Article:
Lynching Laws

Zachary Moya, Brandon Lutz, Jay Domalapalli

Lynching Laws

Lynching is the act of execution outside of the law. Mostly practiced by the KKK or mobs, Lynching was commonly used against African Americans. lynching took place in the U.S. during the 1930's, a time with racism and segregation.

A story in 1890

In the 1890s Congressman Henry Blair of New Hampshire proposed that Congress investigate lynching, but the measure was blocked because Congress viewed that activity as a state matter. For example, Gov. Benjamin Tillman of South Carolina was elected in 1890 by promising to see “justice” done to black criminals. During his tenure a white woman was assaulted, and John Peterson, a black man, was accused of the crime. He fled to Columbia where he put himself under Governor Tillman's protection. Peterson pleaded innocence and was able to produce witnesses to support his alibi. A white reporter confirmed Peterson's story, but a white mob still demanded that the governor deliver Peterson. Tillman turned him over to the mob. Even though the white victim testified that Peterson was not the suspect.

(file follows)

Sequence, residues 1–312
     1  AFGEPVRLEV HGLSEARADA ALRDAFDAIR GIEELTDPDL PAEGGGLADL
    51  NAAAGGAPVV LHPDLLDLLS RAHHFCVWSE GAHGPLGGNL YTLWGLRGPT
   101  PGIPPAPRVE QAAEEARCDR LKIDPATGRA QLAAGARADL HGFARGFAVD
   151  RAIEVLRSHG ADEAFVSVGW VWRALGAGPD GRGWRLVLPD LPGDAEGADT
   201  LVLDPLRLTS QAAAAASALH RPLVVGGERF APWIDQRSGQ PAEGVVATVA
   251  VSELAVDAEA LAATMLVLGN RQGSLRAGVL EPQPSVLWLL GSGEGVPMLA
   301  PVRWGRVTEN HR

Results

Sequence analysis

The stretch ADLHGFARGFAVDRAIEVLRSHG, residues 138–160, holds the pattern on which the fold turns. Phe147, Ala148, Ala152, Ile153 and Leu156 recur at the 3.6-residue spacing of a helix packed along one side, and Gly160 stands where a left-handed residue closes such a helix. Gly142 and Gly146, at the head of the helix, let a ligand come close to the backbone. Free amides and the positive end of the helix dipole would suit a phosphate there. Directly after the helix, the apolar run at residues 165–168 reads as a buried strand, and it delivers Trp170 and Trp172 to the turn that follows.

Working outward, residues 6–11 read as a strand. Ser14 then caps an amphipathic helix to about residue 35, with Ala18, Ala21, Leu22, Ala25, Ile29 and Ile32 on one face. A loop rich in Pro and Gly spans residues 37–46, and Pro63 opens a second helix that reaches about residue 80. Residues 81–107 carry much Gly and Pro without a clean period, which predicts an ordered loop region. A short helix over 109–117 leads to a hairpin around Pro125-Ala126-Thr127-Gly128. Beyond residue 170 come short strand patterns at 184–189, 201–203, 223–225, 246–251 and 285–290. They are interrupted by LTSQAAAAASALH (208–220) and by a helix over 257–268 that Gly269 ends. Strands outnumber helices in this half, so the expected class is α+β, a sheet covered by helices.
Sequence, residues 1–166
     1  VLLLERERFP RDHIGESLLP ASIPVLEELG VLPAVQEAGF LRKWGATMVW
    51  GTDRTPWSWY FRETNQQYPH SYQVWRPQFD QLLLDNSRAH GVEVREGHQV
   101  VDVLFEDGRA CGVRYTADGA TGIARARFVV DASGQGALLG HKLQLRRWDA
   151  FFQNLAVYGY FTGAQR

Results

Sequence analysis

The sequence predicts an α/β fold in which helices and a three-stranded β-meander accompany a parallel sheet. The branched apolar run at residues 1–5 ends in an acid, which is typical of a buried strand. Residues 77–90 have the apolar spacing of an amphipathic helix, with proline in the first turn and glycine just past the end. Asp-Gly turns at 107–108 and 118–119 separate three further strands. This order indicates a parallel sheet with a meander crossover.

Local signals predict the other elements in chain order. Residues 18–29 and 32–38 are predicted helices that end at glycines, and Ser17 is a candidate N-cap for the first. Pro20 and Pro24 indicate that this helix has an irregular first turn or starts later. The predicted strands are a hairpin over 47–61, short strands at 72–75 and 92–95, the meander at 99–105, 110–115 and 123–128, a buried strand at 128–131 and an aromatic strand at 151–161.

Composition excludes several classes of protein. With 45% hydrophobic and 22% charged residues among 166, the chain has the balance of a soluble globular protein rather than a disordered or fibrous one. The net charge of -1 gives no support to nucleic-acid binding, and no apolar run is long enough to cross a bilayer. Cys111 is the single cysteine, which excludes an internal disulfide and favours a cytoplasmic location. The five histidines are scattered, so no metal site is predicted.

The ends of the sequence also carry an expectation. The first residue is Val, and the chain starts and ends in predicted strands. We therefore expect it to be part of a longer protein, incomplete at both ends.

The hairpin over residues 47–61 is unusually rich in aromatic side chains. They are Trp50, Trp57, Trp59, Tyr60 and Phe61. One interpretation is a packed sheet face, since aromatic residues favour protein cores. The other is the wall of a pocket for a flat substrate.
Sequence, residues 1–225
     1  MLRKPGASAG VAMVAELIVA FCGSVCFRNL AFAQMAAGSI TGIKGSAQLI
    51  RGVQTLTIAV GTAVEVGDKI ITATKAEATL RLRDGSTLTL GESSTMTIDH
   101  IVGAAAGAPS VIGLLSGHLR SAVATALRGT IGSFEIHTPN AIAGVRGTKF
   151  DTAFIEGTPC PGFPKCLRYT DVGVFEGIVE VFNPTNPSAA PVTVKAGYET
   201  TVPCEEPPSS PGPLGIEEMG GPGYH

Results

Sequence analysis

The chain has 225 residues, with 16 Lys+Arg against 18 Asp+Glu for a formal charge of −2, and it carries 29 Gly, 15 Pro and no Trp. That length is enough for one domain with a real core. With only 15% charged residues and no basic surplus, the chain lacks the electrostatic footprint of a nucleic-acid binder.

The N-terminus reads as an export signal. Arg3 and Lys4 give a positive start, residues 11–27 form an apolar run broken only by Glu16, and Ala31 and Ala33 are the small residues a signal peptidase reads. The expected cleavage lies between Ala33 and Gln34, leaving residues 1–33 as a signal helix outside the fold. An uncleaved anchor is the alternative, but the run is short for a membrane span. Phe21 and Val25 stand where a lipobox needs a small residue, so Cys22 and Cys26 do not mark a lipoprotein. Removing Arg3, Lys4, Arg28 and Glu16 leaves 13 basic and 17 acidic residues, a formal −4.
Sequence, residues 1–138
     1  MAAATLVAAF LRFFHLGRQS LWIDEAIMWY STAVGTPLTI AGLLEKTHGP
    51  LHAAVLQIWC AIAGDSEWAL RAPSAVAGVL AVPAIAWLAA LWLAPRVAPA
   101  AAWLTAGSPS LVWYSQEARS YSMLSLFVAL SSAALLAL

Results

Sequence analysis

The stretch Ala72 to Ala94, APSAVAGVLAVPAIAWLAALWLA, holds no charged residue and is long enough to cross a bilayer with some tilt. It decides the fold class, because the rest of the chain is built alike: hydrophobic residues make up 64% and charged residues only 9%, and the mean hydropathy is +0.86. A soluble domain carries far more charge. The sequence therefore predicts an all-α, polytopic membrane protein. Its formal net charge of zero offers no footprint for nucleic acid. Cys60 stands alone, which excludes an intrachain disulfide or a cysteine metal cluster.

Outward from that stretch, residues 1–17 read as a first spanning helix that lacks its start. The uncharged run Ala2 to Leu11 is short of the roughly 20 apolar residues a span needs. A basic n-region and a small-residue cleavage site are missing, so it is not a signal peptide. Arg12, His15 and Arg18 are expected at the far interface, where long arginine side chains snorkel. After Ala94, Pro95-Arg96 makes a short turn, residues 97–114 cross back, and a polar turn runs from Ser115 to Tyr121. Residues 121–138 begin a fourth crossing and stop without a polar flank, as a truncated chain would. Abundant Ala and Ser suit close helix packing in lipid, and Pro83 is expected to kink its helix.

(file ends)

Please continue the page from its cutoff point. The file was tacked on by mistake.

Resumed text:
The fight against lynching

Governors did not always cave in to public pressure. In October 1894 a mob surrounded the Fayette County Courthouse in Ohio and demanded a prisoner. Instead of allowing the mob to administer its own form of justice, Gov. William McKinley sent the state militia to protect the prisoner. Five men were killed and twenty wounded in a battle which was fought, McKinley said, not to spare a prisoner but to maintain “the principle that the law must be upheld.”

Citations

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Lynch Law In California, Scene Of The First Execution In San Francisco, On June 10. Photo. Encyclopædia Britannica ImageQuest. Web. 9 Oct 2015.

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"Lynching and the Law." American Eras. Vol. 8: Development of the Industrial United States, 1878-1899. Detroit: Gale, 1997. 258-260. U.S. History in Context. Web. 9 Oct. 2015.

URL

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"Jim Crow Art." Jim Crow Art. N.p., n.d. Web. 09 Oct. 2015.

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